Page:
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Type: Journal article
Title: Modelling management strategies for wheat-soybean double crops in the South-Eastern Pampas
Author: Monzon, J.
Sadras, V.
Abbate, P.
Caviglia, O.
Citation: Field Crops Research, 2007; 101(1):44-52
Publisher: Elsevier Science BV
Issue Date: 2007
ISSN: 0378-4290
Statement of
J.P. Monzon, V.O. Sadras, P.A. Abbate and O.P. Caviglia
Abstract: Favourable prices and new technologies have recently stimulated the adoption of wheat-soybean double crops in the south-eastern Pampas. To assess the largely unknown long-term performance of this strategy, we used CERES-Wheat and CROPGRO-Soybean with slight adaptations to account for double cropping. Models and climate records were combined to analyse management practices allowing for earlier soybean sowing, which was assumed to be the key for high soybean yield and whole-system performance. Practices investigated were: (i) short-season wheat cultivars; (ii) non-selective herbicides for faster drying of wheat before harvest; (iii) relay double cropping, where soybean is sown on standing wheat before crop maturity in contrast to sequential cropping where soybean is sown after wheat harvest. Models reproduced phenology and yield of crops in double cropping systems to the level required for our investigation. Advancing wheat harvest with herbicides and using current early wheat varieties had little impact on soybean yield. A hypothetical frost-resistant wheat allowing for earlier wheat sowing and harvest highlighted the potential to increase the yield of sequential soybean by 23%. Average soybean yield increased from 1738 kg ha-1 in sequential to 2099 kg ha-1 in relay cropping, whereas wheat yield was similar in both cropping variants. Seasonal variability in rainfall and simulated yield was partially accounted by the Southern Oscillation Index (SOI), indicating the potential for this signal to be used in risk management. The amount of rainfall during the period of yield generation in wheat and the remaining soil water at the end of the wheat growing season were higher during consistently negative SOI phase, and lower during consistently positive phase in September. In the period between 1971 and 2003 average October-December temperature increased at 0.038 °C year-1. Higher temperature accelerated simulated wheat development and advanced harvest (0.15 day year-1) with no impact on yield; this allowed for earlier sowing of double cropped soybean, which together with more favourable temperature increased simulated soybean yield at a rate of 26.2 kg ha-1 year-1. Hence, our modelling study indicated that: (i) wheat-soybean relay double cropping outperformed its sequential counterpart, (ii) seasonal variability in rainfall and yield could be partially accounted by Southern Oscillation Index (SOI) and (iii) long-term trends in crop phenology and yield could be associated with increased mean temperature. © 2006 Elsevier B.V. All rights reserved.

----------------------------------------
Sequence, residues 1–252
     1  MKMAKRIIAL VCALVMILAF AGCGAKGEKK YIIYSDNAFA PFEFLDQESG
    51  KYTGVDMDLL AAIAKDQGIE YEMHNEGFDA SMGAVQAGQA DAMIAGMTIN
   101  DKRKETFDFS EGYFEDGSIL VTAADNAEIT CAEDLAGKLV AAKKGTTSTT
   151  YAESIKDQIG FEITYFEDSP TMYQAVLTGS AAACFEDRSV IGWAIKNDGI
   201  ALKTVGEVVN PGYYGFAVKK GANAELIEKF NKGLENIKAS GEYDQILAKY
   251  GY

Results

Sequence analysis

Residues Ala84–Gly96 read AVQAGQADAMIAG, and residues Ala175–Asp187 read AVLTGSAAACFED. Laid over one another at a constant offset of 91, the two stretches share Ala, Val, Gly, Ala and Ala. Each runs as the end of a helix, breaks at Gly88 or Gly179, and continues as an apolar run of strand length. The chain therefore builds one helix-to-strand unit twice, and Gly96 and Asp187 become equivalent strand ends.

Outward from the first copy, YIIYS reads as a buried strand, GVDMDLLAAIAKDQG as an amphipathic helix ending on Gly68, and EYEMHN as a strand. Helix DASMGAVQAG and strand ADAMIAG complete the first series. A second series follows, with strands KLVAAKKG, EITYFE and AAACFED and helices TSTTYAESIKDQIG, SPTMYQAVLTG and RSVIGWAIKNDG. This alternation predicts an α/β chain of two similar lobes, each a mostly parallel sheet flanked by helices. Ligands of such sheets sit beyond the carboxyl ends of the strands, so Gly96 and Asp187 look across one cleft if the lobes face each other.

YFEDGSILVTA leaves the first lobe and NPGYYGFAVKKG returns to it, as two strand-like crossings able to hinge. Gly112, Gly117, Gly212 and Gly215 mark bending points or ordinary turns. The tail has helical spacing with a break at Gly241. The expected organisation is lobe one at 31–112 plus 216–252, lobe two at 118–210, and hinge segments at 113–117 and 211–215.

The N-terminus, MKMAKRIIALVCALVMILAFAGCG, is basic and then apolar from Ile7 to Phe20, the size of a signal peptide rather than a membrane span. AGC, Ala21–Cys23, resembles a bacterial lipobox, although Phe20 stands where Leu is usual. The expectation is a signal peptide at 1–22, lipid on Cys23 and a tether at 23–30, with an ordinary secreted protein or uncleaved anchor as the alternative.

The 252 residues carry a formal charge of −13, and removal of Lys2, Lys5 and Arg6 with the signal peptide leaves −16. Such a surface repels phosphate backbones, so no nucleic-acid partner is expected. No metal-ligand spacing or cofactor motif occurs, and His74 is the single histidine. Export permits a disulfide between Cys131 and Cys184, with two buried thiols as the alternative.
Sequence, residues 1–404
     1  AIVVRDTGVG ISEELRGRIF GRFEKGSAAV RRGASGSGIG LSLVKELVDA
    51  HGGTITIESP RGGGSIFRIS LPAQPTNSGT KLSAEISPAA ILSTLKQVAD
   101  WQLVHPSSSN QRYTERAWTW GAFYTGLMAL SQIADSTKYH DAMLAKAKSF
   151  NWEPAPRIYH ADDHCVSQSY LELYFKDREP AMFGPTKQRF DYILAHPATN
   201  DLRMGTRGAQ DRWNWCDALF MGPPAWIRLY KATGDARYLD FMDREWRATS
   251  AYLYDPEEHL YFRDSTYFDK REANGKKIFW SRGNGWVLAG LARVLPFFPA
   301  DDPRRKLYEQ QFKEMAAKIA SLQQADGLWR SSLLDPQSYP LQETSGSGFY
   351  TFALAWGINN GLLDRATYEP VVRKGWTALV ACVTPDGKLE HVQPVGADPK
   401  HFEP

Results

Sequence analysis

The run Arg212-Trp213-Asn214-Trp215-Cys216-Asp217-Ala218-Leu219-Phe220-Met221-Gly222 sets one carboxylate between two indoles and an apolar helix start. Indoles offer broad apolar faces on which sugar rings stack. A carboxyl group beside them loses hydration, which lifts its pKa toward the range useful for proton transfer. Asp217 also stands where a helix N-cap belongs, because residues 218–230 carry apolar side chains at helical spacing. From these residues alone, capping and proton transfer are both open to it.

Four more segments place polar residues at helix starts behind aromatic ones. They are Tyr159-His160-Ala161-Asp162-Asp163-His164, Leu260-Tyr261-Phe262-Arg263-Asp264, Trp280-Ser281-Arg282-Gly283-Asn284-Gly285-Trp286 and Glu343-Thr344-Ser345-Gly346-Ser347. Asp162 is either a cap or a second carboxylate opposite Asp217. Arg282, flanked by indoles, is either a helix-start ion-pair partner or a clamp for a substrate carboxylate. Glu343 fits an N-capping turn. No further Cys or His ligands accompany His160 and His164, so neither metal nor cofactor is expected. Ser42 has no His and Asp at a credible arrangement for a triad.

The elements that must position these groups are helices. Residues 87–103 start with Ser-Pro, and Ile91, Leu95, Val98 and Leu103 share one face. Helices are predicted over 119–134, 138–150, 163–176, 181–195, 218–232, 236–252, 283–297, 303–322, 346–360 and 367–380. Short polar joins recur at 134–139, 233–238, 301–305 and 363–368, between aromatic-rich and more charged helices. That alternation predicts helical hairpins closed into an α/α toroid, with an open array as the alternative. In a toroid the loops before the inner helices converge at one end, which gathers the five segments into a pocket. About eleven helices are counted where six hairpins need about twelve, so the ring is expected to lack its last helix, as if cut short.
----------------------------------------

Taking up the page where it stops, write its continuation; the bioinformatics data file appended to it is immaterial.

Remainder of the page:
Description: Copyright © 2006 Elsevier B.V. All rights reserved.
DOI: 10.1016/j.fcr.2006.09.007
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